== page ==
Class III BSCs must be directly and independently exhausted through two HEPA filters in series. Supply air must be provided in such a manner that prevents positive pressurization of the cabinet.
  11. Pass through dunk tanks, fumigation chambers, or equivalent decontamination methods must be provided so that materials and equipment that cannot be decontaminated in the autoclave can be safely removed from the cabinet room(s). Access to the exit side of the pass-through shall be limited to those individuals authorized to be in the BSL-4 laboratory.
  12. Liquid effluents from cabinet room sinks, floor drains, autoclave chambers, and other sources within the cabinet room must be decontaminated by a proven method, preferably heat treatment, before being discharged to the sanitary sewer.
    Decontamination of all liquid wastes must be documented. The decontamination process for liquid wastes must be validated physically and biologically. Biological validation must be performed annually or more often if required by institutional policy.
    Effluents from showers and toilets may be discharged to the sanitary sewer without treatment.
  13. A double-door, pass through autoclave(s) must be provided for decontaminating materials passing out of the cabinet laboratory. Autoclaves that open outside of the laboratory must be sealed to the primary wall. This bioseal must be durable and airtight. Positioning the bioseal so that the equipment can be accessed and maintained from outside the laboratory is strongly recommended. The autoclave doors must be interlocked so that only one can be opened at any time and be automatically controlled so that the outside door to the autoclave can only be opened after the decontamination cycle has been completed.
    Gas and liquid discharge from the autoclave chamber must be decontaminated. When feasible, autoclave decontamination processes should be designed so that over-pressurization cannot release unfiltered air or steam exposed to infectious material to the environment.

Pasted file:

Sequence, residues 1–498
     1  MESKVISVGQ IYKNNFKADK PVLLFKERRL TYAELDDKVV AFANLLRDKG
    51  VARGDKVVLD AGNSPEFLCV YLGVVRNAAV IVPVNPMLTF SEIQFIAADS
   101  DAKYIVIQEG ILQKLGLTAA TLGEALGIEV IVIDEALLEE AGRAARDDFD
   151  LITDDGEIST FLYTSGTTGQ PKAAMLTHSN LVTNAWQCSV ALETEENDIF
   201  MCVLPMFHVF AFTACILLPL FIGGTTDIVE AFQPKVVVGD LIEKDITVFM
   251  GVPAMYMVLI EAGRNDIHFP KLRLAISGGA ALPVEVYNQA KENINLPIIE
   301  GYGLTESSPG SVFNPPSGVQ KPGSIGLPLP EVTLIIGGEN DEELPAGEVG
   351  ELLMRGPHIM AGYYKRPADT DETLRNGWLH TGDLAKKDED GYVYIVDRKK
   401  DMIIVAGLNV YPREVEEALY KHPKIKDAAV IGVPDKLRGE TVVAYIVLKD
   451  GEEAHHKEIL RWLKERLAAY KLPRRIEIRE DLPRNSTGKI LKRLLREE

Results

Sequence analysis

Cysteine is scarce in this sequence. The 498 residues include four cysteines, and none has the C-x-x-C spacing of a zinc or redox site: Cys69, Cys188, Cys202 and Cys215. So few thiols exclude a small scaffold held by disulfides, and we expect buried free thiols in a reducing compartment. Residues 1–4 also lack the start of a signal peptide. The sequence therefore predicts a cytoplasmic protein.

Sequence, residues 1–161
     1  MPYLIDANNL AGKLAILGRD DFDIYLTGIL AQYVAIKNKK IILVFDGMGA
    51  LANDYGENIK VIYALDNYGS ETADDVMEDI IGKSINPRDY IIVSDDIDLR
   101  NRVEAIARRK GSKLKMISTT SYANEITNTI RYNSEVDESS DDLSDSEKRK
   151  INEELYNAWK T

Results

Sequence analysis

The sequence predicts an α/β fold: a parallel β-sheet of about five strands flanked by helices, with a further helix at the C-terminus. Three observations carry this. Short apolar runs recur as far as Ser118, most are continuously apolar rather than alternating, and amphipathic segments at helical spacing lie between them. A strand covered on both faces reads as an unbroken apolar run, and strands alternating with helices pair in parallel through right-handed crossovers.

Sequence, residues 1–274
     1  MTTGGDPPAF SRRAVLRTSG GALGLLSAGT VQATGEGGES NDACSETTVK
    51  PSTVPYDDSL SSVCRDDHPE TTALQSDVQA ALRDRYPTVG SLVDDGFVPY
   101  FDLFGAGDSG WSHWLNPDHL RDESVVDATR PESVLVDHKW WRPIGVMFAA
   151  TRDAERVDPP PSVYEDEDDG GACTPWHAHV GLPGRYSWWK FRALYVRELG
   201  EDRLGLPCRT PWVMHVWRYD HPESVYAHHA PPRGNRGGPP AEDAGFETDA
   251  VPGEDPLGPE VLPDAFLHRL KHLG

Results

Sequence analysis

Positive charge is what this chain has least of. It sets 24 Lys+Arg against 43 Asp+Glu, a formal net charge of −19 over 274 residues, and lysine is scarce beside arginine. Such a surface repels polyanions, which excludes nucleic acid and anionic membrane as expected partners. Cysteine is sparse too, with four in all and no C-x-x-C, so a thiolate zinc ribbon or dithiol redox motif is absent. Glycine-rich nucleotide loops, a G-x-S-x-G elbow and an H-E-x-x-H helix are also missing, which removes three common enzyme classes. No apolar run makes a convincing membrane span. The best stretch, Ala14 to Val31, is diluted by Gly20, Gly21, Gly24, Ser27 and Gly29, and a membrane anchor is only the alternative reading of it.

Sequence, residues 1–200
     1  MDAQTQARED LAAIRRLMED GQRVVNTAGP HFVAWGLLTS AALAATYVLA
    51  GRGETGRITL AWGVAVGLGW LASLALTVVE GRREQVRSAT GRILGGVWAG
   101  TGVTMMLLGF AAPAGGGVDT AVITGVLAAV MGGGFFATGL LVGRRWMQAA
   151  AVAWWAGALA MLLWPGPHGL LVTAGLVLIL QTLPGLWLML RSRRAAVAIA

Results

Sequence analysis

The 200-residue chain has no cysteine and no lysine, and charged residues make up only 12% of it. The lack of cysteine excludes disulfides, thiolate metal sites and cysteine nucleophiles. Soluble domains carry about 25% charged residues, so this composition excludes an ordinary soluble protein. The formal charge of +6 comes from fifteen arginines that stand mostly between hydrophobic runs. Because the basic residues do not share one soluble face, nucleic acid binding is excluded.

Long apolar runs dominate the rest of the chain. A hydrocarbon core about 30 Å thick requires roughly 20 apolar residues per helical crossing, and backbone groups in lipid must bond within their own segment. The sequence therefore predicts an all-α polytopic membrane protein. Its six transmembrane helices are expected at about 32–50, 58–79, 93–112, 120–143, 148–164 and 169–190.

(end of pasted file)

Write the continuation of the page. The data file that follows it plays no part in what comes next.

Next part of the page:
14. The BSL-4 facility design parameters and operational procedures must be documented. The facility must be tested to verify that the design and operational parameters have been met prior to operation. Facilities must also be re-verified annually. Verification criteria should be modified as necessary by operational experience.
  15. Appropriate communication systems must be provided between the laboratory and the outside (e.g., voice, fax, and computer). Provisions for emergency communication and access/egress must be considered.

Suit Laboratory

  1. The BSL-4 suit laboratory consists of either a separate building or a clearly demarcated and isolated zone within a building. Laboratory doors must have locks in accordance with the institutional policies.
    Rooms in the facility must be arranged to ensure exit by sequential passage through the chemical shower, inner (dirty) change room, personal shower, and outer (clean) changing area.
    Entry into the BSL-4 laboratory must be through an airlock fitted with airtight doors. Personnel who enter this area must wear a positive pressure suit with HEPA filtered breathing air. The breathing air systems must have redundant compressors, failure alarms and emergency backup.